A new report on education funding in Manitoba is calling for the phasing out of the province’s education support levy (ESL) on commercial properties.
The Canadian Federation of Independent Business (CFIB) report, Education Tax Inequities in Manitoba, also recommends that the taxation authority now existing for school divisions be eliminated and fall under the jurisdiction of the provincial government.
In addition, the report calls for an education property tax credit, similar to the one now offered to homeowners.
“While businesses benefit from a skilled workforce,” said Ben Kolisnyk, a CFIB policy analyst and author of the report, “the question is: should they be paying five times more than residents on the same assessed value?”
He said increased school taxes this year means “commercial properties will be hit even harder.”
In 2012, according to the report, a commercial property owner paid on average 5.1 times more than a homeowner in education taxes on property of the same value of $200,000. In 2003, that ratio was 2.3.
“Despite overall increases in provincial funding,” according to the report, “higher operational spending and declining enrolment have resulted in school divisions raising taxes, exacerbating the education tax ratio.”
Using the example of Winnipeg School Division, the report indicated that on a property assessed at $200,000, a commercial property owner in 2012, without the benefit of the tax credit available to homeowners and with the addition of the ESL, paid a total of $3,500.03 in school taxes. On the other hand, a homeowner paid $700.70 on a property of the same value. Both totals do not include municipal taxes.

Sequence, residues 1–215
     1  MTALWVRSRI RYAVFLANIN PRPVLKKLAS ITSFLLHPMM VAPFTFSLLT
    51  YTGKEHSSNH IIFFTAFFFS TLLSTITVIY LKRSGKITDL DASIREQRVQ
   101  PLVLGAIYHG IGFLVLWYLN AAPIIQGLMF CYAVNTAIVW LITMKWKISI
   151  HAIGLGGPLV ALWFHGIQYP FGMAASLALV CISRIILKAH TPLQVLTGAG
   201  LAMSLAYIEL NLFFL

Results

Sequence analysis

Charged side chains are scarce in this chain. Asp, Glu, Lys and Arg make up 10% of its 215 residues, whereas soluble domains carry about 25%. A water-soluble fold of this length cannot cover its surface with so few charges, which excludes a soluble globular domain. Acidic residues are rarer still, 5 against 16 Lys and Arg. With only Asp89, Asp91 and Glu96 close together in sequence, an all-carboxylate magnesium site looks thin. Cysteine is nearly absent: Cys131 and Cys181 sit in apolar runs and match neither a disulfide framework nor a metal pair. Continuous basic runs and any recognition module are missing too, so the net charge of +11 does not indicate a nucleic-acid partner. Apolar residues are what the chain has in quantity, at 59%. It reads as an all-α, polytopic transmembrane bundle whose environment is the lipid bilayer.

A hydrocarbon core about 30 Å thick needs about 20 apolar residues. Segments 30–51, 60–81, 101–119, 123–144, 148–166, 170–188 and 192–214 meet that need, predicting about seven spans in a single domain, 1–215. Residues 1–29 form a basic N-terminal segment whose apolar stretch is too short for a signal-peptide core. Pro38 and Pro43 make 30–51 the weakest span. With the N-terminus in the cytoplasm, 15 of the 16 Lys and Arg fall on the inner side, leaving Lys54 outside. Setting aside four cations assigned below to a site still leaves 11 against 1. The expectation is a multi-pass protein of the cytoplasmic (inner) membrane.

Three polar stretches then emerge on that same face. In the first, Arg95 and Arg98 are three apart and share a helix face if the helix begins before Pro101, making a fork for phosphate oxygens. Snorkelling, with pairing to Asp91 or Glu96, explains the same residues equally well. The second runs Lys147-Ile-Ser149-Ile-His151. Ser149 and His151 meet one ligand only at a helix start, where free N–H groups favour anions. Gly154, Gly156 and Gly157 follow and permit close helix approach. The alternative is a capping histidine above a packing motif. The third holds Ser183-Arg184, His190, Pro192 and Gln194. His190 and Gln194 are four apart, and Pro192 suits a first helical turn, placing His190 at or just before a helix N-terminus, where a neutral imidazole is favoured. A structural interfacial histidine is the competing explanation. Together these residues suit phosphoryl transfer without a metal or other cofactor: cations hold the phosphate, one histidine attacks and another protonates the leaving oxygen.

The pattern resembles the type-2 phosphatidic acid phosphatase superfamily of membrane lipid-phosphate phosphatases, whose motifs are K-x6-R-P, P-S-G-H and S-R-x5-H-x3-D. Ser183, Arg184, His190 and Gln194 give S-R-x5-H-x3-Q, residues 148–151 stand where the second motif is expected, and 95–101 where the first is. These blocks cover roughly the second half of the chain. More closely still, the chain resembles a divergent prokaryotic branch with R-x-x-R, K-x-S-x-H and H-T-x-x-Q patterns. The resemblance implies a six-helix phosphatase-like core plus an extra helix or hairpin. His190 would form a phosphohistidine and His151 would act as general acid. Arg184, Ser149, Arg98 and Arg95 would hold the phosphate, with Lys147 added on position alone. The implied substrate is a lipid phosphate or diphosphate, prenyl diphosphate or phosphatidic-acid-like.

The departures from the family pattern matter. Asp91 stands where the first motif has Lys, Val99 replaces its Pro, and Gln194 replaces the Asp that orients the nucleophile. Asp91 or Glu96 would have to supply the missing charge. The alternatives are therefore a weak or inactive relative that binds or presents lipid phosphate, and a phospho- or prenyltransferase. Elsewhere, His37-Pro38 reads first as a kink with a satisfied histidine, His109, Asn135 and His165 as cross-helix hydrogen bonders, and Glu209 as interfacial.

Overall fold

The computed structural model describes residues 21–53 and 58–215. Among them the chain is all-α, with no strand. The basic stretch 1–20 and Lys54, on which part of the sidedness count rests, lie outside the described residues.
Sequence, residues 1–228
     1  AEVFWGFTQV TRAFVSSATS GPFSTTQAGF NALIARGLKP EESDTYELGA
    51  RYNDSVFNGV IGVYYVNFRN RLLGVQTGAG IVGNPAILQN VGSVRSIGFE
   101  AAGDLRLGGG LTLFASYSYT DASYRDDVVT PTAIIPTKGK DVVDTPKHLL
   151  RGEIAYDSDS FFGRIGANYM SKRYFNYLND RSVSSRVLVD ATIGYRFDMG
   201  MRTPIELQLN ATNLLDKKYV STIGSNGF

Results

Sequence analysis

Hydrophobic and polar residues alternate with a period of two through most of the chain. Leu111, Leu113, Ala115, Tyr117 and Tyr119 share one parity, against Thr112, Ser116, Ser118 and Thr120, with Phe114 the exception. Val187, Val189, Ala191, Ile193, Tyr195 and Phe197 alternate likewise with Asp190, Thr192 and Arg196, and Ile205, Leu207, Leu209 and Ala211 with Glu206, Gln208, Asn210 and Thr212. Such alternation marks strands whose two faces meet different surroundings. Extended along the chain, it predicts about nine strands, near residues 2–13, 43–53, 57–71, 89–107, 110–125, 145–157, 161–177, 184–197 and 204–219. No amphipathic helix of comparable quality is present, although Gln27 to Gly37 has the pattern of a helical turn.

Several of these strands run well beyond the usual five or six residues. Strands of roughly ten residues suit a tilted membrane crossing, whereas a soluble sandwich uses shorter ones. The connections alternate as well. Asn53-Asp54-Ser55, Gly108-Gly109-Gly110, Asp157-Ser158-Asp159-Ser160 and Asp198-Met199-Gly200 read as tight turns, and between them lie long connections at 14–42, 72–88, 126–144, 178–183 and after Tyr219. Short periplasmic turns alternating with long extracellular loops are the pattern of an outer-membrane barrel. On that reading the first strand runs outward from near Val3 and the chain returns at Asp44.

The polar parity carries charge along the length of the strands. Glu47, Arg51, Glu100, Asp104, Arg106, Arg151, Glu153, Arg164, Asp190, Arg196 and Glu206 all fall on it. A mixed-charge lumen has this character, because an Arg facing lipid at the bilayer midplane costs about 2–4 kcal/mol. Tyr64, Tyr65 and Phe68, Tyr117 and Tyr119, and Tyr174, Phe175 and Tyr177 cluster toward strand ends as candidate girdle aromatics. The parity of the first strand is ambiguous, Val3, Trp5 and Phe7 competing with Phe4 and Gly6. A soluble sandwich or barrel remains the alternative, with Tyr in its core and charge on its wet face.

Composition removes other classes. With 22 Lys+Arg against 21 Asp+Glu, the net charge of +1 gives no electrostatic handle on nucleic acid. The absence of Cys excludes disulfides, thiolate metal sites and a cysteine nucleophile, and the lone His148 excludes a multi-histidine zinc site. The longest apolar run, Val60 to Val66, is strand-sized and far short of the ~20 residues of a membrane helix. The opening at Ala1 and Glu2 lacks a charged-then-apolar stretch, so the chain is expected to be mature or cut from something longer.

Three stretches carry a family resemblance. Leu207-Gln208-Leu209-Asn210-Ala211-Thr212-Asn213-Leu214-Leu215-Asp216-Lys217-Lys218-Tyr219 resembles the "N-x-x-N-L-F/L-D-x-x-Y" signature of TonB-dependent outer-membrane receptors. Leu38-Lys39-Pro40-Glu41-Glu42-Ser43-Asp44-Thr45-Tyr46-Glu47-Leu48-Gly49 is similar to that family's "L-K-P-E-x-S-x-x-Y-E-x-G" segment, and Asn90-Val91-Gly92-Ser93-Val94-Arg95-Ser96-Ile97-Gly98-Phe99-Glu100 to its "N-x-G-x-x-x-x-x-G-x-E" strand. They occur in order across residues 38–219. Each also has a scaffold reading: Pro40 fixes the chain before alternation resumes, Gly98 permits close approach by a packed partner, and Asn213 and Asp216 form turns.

Commercial property owners pay education taxes on 65 per cent of their assessed value, compared to 45 per cent for residents. The report suggests a tax credit for commercial properties begin gradually and increase over time, as was the case with the credit given to residential property owners. The Education Property Tax Credit began in 2006 as a $250 rebate, increased to $400 in 2007 and then went up to $700 in 2013.
“Let’s be clear about what this report is not about. It’s not about determining the appropriate level of education funding, or assessing the quality of our education system,” said Janine Carmichael, CFIB’s director of provincial affairs for Manitoba. “It’s looking at the unfairness of how commercial property owners are treated compared to residential property owners for funding education.”
According to the report, while provincial policies are largely to blame for the significant and growing inequity, compounding the problem is significant tax increases in many Manitoba school divisions over the last several years.
“The results show that divisions have increased operational spending by 50 per cent since 2002, while enrolment for the same period decreased by three per cent,” said Kolisnyk.
Given the province’s fiscal situation, added Kolisnyk, the CFIB is not looking for immediate tax relief but a long-term plan to restore fairness to the way education is funded by eliminating the ESL for commercial properties and shifting taxing authority for education to the provincial government, particularly given that Manitoba is the last province in Canada to have school divisions with taxing authority.
WinnipegREALTORS® and the Manitoba Education Funding Coalition’s answer to the dilemma is to remove all funding for education off property and have the province fund education through general revenues, as is the case with health care.